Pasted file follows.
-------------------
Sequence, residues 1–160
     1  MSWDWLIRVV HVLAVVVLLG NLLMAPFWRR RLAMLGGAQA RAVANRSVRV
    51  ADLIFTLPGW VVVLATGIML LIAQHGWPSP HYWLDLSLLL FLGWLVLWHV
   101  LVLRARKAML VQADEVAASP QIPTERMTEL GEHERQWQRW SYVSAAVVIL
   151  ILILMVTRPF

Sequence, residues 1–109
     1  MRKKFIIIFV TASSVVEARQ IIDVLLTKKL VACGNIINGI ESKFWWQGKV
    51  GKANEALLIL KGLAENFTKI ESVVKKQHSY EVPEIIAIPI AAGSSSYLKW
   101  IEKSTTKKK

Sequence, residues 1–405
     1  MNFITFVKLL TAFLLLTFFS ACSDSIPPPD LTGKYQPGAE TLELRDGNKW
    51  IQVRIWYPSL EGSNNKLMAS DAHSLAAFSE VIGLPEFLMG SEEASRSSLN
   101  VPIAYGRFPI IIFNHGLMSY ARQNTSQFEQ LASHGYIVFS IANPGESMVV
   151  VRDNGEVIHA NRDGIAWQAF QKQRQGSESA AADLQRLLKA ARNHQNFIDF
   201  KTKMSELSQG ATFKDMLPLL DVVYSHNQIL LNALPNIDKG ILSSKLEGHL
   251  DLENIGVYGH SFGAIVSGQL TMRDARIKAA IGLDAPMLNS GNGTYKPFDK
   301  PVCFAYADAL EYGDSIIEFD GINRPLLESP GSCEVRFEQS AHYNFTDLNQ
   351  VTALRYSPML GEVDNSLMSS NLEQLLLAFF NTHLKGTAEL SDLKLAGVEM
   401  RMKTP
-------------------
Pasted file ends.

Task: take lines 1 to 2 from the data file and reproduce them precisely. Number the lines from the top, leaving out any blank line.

Sequence, residues 1–160
     1  MSWDWLIRVV HVLAVVVLLG NLLMAPFWRR RLAMLGGAQA RAVANRSVRV